Gender Factors Influencing Participation in the Elimination of Mother-to-Child Transmission of HIV Program in Uganda under Option B+


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Author(s): Yourkavitch J, Flax VL, Okello ES, Kadzandira J, Katahoire AR

Year: 2017

Gender Factors Influencing Participation in the Elimination of Mother-to-Child Transmission of HIV Program in Uganda under Option B+ Abstract:

In Uganda and other sub-Saharan African countries, women’s gender roles center on marriage and motherhood. According to these roles, women’s duties include caring for other members of the household, tending to household chores, and caring for the sick. Women are expected to consult with their husbands and obey their husbands’ decisions in all matters. A man’s primary role is to be the head of the family. Men are expected to bring in income to pay for shelter, food, and school, and they are expected to represent the family. Unlike women, who are expected to be faithful or monogamous, men are expected to have multiple partners (wives or girlfriends), thus signaling their masculinity. As other investigators have observed, these gender roles interfere with HIV prevention efforts. Gender roles may also constrain women’s access to health services, including those for the prevention of mother-to-child transmission of HIV (PMTCT).

Globally, all countries are working toward achieving the goal of having 90 percent of people diagnosed with HIV on sustained antiretroviral therapy (ART) by 2020. PMTCT programs in sub-Saharan Africa have had difficulty pursuing this goal, owing to countries’ weak health systems and a variety of individual, interpersonal, and cultural factors. A number of studies have examined barriers to PMTCT participation. Common constraints are fear of HIV stigma, fear of divorce or abandonment upon HIV disclosure, side effects of ART, lack of funds for transport to the clinic, negative interactions with health workers, and lack of male involvement. Most studies of barriers to PMTCT were conducted prior to the implementation of Option B+, which places HIV-positive pregnant or breastfeeding women on lifelong ART at diagnosis. By examining how gender interacts with individual, interpersonal, health system, and community factors that cause people to discontinue PMTCT, this study fills an important gap in knowledge about Option B+ programs.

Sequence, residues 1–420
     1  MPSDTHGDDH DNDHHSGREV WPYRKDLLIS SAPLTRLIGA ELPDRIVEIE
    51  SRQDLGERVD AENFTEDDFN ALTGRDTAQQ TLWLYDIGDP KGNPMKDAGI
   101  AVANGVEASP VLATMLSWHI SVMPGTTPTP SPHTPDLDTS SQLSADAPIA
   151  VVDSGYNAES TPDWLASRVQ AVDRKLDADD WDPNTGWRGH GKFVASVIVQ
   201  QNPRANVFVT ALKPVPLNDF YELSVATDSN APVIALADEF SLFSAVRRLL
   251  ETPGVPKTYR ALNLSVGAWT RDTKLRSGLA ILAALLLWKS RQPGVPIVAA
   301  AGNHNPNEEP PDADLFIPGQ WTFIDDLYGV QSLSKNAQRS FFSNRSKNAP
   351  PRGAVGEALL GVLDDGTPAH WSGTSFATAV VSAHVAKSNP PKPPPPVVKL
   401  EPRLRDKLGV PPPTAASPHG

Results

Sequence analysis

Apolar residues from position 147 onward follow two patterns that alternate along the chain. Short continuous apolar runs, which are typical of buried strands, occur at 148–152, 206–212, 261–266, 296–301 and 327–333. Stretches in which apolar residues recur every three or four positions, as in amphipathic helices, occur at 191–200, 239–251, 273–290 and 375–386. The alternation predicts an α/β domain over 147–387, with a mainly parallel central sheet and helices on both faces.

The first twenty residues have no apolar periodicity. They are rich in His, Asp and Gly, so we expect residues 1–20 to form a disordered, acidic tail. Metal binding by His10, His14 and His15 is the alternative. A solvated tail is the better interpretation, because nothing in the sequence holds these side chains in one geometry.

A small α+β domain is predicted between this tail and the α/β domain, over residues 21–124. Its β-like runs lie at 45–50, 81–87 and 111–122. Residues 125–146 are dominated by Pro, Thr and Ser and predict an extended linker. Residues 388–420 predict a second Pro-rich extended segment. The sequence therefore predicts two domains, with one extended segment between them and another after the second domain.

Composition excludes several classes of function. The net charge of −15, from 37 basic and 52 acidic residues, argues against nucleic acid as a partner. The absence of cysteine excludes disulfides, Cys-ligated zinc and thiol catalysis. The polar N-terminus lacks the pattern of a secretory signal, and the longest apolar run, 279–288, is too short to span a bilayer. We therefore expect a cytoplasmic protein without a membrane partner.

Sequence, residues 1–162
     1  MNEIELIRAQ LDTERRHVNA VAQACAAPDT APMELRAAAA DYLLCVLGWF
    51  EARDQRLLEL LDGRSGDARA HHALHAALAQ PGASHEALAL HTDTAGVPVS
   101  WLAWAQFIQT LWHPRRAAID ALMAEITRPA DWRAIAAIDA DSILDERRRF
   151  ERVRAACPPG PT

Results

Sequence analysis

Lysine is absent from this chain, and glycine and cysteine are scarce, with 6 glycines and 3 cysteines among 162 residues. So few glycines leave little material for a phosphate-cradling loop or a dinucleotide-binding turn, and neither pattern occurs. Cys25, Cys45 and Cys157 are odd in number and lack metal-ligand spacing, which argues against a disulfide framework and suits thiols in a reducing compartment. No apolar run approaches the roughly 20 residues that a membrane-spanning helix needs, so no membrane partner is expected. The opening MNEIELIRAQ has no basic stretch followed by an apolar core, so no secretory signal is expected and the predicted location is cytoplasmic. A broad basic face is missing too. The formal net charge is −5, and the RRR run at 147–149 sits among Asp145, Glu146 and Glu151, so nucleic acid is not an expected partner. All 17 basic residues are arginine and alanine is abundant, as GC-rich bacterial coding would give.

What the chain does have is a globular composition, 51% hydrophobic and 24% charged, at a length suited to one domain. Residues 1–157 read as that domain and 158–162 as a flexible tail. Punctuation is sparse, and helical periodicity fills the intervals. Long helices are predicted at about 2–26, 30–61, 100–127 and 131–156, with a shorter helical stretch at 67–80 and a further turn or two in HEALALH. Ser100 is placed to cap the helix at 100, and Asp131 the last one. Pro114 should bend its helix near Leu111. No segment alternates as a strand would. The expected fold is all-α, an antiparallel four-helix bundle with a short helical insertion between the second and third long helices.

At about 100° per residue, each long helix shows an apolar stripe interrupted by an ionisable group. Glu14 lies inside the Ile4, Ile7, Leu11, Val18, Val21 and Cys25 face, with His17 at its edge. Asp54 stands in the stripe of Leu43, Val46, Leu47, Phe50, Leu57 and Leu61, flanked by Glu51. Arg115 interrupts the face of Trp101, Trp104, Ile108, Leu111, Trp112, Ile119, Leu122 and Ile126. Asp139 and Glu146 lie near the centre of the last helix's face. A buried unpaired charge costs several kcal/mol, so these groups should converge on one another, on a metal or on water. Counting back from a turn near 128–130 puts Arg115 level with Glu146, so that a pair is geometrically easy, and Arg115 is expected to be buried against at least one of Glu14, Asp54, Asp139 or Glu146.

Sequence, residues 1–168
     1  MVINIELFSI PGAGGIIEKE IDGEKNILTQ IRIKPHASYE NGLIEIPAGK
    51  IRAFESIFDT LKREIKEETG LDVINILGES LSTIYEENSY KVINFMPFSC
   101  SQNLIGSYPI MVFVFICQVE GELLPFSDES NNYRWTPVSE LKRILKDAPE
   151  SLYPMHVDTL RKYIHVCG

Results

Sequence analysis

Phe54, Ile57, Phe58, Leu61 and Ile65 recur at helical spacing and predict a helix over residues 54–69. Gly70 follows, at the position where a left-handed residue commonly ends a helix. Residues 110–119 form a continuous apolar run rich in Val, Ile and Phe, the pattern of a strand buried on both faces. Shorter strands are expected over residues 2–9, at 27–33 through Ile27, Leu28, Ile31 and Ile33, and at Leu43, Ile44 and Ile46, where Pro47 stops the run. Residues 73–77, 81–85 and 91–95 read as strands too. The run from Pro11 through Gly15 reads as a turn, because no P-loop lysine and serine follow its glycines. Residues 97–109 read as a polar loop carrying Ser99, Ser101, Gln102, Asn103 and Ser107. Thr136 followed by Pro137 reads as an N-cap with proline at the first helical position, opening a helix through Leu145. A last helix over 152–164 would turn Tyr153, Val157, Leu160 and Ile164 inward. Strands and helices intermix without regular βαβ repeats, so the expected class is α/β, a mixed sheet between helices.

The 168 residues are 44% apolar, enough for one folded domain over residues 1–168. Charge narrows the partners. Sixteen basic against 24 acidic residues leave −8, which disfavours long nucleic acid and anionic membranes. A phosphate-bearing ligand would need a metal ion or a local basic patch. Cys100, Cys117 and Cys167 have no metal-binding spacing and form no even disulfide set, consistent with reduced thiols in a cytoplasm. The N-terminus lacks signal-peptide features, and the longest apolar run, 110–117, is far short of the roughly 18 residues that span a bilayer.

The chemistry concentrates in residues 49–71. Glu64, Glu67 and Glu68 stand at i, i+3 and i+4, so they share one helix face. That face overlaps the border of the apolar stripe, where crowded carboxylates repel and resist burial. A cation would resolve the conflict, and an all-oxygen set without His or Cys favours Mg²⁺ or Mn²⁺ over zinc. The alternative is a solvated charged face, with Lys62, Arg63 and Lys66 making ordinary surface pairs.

In partnership with the Child Health and Development Centre at Makerere University, MEASURE Evaluation—funded by the United States Agency for International Development (USAID) and the United States President’s Emergency Fund for AIDS Relief (PEPFAR)—conducted qualitative research at eight health facilities (four urban and four rural) and their surrounding communities from 2015 to 2016. The purpose of this study was to describe gender-related factors at the individual, interpersonal, and programmatic or systemic levels that influence women’s participation in the elimination of mother-to-child transmission of HIV (EMTCT) program in Uganda. We used in-depth interviews and focus group discussions (FGDs) to obtain data from women participating in EMTCT (n=32), women who were lost to follow-up (LTFU) (n=16), health workers involved in providing EMTCT services (n=8), stakeholders in organizations supporting EMTCT services (n=8), and men in the community (8 focus group discussions (FGDs), n=73 participants).

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